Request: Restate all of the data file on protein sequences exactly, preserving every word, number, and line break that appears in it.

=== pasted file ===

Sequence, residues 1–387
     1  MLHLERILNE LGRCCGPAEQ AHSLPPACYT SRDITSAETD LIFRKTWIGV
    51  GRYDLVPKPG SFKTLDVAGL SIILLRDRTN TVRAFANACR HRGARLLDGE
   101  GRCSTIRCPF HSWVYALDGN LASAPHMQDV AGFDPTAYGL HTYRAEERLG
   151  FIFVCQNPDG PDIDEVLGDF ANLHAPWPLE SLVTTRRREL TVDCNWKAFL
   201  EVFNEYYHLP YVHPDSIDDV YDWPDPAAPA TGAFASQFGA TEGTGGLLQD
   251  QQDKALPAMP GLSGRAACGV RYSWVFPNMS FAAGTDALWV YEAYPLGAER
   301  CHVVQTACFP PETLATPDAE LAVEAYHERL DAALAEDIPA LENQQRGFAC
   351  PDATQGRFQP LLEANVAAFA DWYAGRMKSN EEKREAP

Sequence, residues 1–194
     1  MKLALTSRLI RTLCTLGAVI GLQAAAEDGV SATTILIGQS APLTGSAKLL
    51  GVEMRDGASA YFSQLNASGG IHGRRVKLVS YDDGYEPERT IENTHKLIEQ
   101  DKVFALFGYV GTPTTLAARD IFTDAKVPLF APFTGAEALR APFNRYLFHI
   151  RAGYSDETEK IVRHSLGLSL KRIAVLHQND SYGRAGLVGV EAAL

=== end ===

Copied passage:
Sequence, residues 1–387
     1  MLHLERILNE LGRCCGPAEQ AHSLPPACYT SRDITSAETD LIFRKTWIGV
    51  GRYDLVPKPG SFKTLDVAGL SIILLRDRTN TVRAFANACR HRGARLLDGE
   101  GRCSTIRCPF HSWVYALDGN LASAPHMQDV AGFDPTAYGL HTYRAEERLG
   151  FIFVCQNPDG PDIDEVLGDF ANLHAPWPLE SLVTTRRREL TVDCNWKAFL
   201  EVFNEYYHLP YVHPDSIDDV YDWPDPAAPA TGAFASQFGA TEGTGGLLQD
   251  QQDKALPAMP GLSGRAACGV RYSWVFPNMS FAAGTDALWV YEAYPLGAER
   301  CHVVQTACFP PETLATPDAE LAVEAYHERL DAALAEDIPA LENQQRGFAC
   351  PDATQGRFQP LLEANVAAFA DWYAGRMKSN EEKREAP

Sequence, residues 1–194
     1  MKLALTSRLI RTLCTLGAVI GLQAAAEDGV SATTILIGQS APLTGSAKLL
    51  GVEMRDGASA YFSQLNASGG IHGRRVKLVS YDDGYEPERT IENTHKLIEQ
   101  DKVFALFGYV GTPTTLAARD IFTDAKVPLF APFTGAEALR APFNRYLFHI
   151  RAGYSDETEK IVRHSLGLSL KRIAVLHQND SYGRAGLVGV EAAL